Wed, 26 May 1993 23:01:23 GMT

Related articles |
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Regular LALR grammars simonh@swidev.demon.co.uk (1993-05-25) |

Re: Regular LALR grammars markh@csd4.csd.uwm.edu (1993-05-26) |

Newsgroups: | comp.compilers |

From: | markh@csd4.csd.uwm.edu (Mark) |

Keywords: | LALR, parse |

Organization: | Computing Services Division, University of Wisconsin - Milwaukee |

References: | 93-05-125 |

Date: | Wed, 26 May 1993 23:01:23 GMT |

*>How are regular parser grammars handled by the parser generator?*

The right hand side of an item is now a DFA.

Take the grammar (based on one presented on a prior post about the Tomita

parser):

S: NP VP.

NP: [D] N PP*.

VP: V NP PP*.

PP: P NP.

Rewriting these in equational DFA form, you get:

Q0 = S Q1

Q1 = 1.

S: Q2 = NP Q3.

Q3 = VP Q4.

Q4 = 1.

NP: Q5 = D Q6 | N Q7.

Q6 = N Q7.

Q7 = PP Q7 | 1.

VP: Q8 = V Q9.

Q9 = NP Q10.

Q10 = PP Q10 | 1.

PP: Q11 = P Q12.

Q12 = NP Q13.

Q13 = 1.

State 0 starts out with the item: [accept: Q0 ]. On closure, you get:

[accept: Q0 ].

[S: Q2].

[NP: Q5].

If any of the states (Q0, Q2, Q5) are final states in their respective

DFAs then the corresponding reduction is listed. For each transition on

each of the states (Q0, Q2, and Q5) a corresponding contribution to a

shift action is recorded:

shift symbol new state

S 1: [accept: Q1].

NP 2: [S: Q3].

D 3: [NP: Q6].

N 4: [NP: Q7].

State 1 has only one item with Q1 listed. Since Q1 is a final state in

the DFA corresponding to "accept", then only the reduction: [accept -> S]

is listed in state 1.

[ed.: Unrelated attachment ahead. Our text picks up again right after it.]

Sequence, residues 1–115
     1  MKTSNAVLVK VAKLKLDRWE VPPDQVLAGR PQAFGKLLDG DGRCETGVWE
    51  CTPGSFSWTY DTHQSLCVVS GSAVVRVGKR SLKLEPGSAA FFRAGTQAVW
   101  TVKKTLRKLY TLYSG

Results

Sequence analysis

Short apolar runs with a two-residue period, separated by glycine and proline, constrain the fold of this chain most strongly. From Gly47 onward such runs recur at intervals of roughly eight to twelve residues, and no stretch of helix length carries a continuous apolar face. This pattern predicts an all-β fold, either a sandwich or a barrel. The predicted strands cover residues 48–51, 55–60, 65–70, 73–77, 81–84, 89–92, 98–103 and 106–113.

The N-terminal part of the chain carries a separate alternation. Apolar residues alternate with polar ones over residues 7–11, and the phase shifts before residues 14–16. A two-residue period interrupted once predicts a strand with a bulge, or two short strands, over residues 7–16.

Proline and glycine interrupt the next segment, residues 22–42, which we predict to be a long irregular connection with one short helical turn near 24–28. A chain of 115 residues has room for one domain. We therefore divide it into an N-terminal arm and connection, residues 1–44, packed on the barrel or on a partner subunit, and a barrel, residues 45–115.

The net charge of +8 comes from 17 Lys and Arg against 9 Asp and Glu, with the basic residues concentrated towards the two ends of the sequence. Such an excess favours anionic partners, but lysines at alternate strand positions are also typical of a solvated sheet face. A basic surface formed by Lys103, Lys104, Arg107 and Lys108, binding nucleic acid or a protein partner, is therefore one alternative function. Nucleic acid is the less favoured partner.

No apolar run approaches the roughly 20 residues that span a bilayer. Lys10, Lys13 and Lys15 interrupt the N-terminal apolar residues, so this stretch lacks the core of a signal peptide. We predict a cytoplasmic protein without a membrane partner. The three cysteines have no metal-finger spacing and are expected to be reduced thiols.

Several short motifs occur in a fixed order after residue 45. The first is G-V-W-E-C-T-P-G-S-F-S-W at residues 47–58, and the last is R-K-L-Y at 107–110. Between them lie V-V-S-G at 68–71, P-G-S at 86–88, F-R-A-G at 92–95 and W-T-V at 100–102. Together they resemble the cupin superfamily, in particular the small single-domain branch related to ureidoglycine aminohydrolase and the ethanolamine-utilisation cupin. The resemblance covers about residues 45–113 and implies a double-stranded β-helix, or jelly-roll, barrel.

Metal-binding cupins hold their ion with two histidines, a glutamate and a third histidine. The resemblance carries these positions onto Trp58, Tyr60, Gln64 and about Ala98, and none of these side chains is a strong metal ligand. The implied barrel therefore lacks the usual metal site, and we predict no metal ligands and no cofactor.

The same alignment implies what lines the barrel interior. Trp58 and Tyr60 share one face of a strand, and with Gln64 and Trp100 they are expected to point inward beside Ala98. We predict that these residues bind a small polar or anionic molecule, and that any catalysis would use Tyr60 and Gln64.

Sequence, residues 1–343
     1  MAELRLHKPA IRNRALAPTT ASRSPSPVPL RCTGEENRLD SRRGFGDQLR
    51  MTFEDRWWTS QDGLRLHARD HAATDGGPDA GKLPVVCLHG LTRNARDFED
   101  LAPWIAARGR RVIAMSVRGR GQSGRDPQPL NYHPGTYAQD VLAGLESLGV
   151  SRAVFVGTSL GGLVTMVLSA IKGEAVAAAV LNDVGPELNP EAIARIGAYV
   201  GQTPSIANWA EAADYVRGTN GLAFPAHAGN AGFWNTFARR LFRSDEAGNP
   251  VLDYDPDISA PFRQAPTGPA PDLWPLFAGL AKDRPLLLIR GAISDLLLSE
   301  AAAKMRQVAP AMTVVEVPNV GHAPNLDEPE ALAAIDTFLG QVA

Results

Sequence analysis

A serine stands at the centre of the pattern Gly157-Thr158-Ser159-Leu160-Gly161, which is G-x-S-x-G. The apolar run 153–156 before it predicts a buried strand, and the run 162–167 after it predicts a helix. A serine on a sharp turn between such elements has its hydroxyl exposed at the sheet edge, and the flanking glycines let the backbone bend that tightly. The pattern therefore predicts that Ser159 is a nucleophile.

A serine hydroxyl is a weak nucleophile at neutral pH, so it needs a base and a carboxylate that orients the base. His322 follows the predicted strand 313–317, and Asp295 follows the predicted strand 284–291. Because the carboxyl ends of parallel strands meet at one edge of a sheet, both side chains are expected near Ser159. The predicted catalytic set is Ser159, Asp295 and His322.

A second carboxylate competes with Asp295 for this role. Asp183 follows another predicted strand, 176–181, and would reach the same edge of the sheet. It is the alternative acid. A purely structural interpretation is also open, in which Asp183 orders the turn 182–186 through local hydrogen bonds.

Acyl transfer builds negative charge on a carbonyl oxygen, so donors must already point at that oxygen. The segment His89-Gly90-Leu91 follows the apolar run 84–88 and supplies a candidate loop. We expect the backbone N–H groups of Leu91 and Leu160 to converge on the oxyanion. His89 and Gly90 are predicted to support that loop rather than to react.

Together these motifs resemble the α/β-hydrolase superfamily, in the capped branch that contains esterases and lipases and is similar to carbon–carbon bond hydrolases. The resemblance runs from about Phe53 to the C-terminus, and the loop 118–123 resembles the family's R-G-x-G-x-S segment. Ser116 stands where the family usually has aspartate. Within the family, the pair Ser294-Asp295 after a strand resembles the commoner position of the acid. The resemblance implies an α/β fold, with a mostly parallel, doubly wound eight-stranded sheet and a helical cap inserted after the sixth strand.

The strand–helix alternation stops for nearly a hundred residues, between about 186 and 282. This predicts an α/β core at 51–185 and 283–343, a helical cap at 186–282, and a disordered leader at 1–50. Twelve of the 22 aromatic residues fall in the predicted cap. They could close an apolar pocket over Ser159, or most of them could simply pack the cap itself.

The final list of closures looks like this:

0: [accept: Q0] [S: Q2] [NP: Q5]

1: [accept: Q1]

2: [S: Q3] [VP: Q8]

3: [NP: Q6]

4: [NP: Q7] [PP: Q11]

5: [S: Q4]

6: [VP: Q9] [NP: Q5]

7: [PP: Q12] [NP: Q5]

8: [VP: Q10] [PP: Q11]

9: [PP: Q13]

and the final state table like this:

0: S => 1, NP => 2, D => 3, N => 4

1: <accept>

2: VP => 5, V => 6

3: N => 4

4: PP => 4, P => 7, <reduce NP: D N PP*>

5: <reduce S: NP VP>

6: NP => 8, D => 3, N => 4

7: NP => 9, D => 3, N => 4

8: PP => 8, P => 7, <reduce VP: V NP PP*>

9: <reduce PP: P NP>

with shift-reduce conflicts on states 4 and 8 on P.

Two things are true here that are not true of the BNF-based LR(k) parser:

(P0) The tables tend to be more compact

(P1) A state no longer necessarily has a unique predecessor

symbol (e.g. both N and PP have shifts/gotos into state 4).

A reduce action is carried out by following the corresponding DFA

backwards until you get back to the start state. For example, for the

reduction <VP = V NP PP*>, you first reverse the DFA:

VP: Q8 = V Q9.

Q9 = NP Q10.

Q10 = PP Q10 | 1.

by reversing all the arrows and reversing final and start states to get:

<reduce VP: V NP PP*>: Q10 = PP Q10 | NP Q9.

Q9 = V Q8.

Q8 = 1.

Since there may be more than one final state in the DFA, the reverse

finite state automaton won't necessarily be deterministic and might need

to be reduced to a DFA after the reversal. This automaton will reduce any

sequence of symobols on the stack of the form (reading backwards): PP* NP

V into a VP node.

Property P1 has the consequences that:

(a) a state in the reversed DFA

may have more than one transition

and (b) it's therefore necessary to actually look at the symbol on

the stack when making the reduction.

--

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